EEOC Case Against Kaplan Higher Education Tossed
January 29, 2013
Strike up the band, pop the champagne and raise the roof!!!! You can’t see me right now, but I’m doing my happy dance.
For the past 2 years we’ve chronicled the EEOC’s case against Kaplan Higher Education in which they alleged that Kaplan’s use of employment credit reports constituted a discriminatory hiring practice. Today, I’m happy to share that a motion for summary judgment has granted in Kaplan’s behalf and the case has been tossed. Special congratulations are in order for our outside counsel and labor and employment attorney extraordinaire, Pam Devata from Seyfarth Shaw who defended Kaplan on the case.
Without getting too technical, it appears that EEOC lost the case because the research conducted by their expert witness which concluded that credit reports have a disparate impact on minorities was flawed and without that research, the EEOC’s case fell apart. I also found it interesting that the judge followed the same line of thinking on the case as Peter Kirsanow did last month at the U.S. Commission on Civil Rights hearing on the use of criminal background checks. That is without reliable statistical evidence of discrimination, the EEOC’s hard line enforcement won’t stand up in court.
What does this mean for employers?
I think this means that if you have a legitimate business purpose for considering an candidate’s credit report as part of an employment background check or are in a regulated industry and you use these reports in compliance with state and federal guidelines than EEOC doesn’t have a leg to stand on when alleging discriminatory hiring practices.
I’ve included a copy of the ruling below as well as a recap of the case and an earlier favorable ruling on Kaplan’s behalf last November.
I wanted to post a must-read article Rod Fliegel and Alex Frondorf from Littler Mendelson recently posted about the EEOC’s lawsuit against Kaplan Higher Education Corp. alleging that Kaplan violated their applicants’ Title VII rights by considering credit history information: “Do As I Say, Not As I Do:” EEOC Required to Provide Discovery of Its Employment Practices”. We are proud to know that this case is being defended by our attorney, Pam Devata from Seyfarth Shaw and from what we can draw from this article, she is doing a masterful job. Here are the high points of Kaplan’s efforts thus far.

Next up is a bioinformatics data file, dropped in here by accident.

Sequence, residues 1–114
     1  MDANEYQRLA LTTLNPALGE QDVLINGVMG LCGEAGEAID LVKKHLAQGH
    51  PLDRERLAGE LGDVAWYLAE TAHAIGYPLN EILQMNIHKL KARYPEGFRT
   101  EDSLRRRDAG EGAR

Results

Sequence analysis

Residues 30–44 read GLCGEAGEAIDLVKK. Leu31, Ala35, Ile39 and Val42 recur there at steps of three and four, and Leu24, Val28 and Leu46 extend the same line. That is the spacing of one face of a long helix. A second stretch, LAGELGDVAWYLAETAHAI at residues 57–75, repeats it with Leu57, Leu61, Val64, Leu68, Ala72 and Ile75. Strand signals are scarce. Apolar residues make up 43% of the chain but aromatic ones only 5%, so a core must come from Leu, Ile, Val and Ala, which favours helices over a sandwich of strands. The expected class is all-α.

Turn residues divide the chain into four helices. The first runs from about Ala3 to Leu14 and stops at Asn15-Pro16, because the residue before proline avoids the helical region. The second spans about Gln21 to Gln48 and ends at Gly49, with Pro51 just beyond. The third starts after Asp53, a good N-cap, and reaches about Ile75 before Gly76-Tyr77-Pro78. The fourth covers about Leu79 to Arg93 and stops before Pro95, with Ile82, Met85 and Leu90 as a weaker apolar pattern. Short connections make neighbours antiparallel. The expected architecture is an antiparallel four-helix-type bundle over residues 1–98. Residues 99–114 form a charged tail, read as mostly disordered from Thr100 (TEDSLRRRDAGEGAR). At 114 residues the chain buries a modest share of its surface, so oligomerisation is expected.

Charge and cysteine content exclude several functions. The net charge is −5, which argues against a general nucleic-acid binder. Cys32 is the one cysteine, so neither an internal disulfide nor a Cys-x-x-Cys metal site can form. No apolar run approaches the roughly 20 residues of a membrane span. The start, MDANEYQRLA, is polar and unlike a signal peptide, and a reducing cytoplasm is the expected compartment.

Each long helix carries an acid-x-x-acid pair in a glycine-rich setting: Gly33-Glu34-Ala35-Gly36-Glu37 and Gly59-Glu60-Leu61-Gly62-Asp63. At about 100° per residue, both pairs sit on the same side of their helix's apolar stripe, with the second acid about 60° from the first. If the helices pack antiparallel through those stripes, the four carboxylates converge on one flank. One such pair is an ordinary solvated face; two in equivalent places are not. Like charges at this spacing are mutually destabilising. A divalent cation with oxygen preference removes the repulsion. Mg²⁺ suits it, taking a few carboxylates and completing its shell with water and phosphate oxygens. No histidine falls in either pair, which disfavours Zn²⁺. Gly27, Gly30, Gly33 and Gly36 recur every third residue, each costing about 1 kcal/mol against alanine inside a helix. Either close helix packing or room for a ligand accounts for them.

EEOC’s Use of Credit Reports
- Kaplan pointed out that the EEOC conducts credit reports on their applicants and asked the district court to compel the EEOC to produce their guidelines on how they use these reports.
- The EEOC argued that their practices have nothing to do with this case and shouldn’t be considered.
- The district court sided with Kaplan and instructed the EEOC to produce their guidelines.
Identity of the People Whom They Are Suing on Behalf of
- The EEOC refused to share the names of the people they are suing on behalf of and Kaplan asked the district court to compel them to do so.
- This EEOC tactic is similar to the one they employed in the PeopleMark case, where it was later found that the employees at issue were actually hired.
- Again, the district court ruled in favor of Kaplan
House Keeping Note on the EEOC
Having had a week to digest the EEOC’s most recent guidance on the use of criminal records, it has given me some time to reflect on what the EEOC is doing and perhaps why. Being able to step back and look at all sides here, I think it is important for me to turn down the rhetoric.
So here goes. I am absolutely against all forms of discrimination wherever they exist. I don’t believe anyone should be treated differently because of the color of their skin, their religion, their age, their sexual orientation, etc. That said, while I cannot speak for the entire marketplace, I suppose I am most frustrated because I believe that EmployeeScreenIQ and our clients are doing everything they can to ensure this doesn’t happen; be it disparate treatment or disparate impact.
And while I believe the EEOC mission is honorable, I am disappointed at times in the way they have acted over the last couple years. So here’s my promise. No more incendiary posts questioning the EEOC or their commissioners in a way that I would not were I sitting across the table from them. We’re going to continue pointing out what we think is wrong and advocate our positions with the same passion we always have (just nothing inflammatory).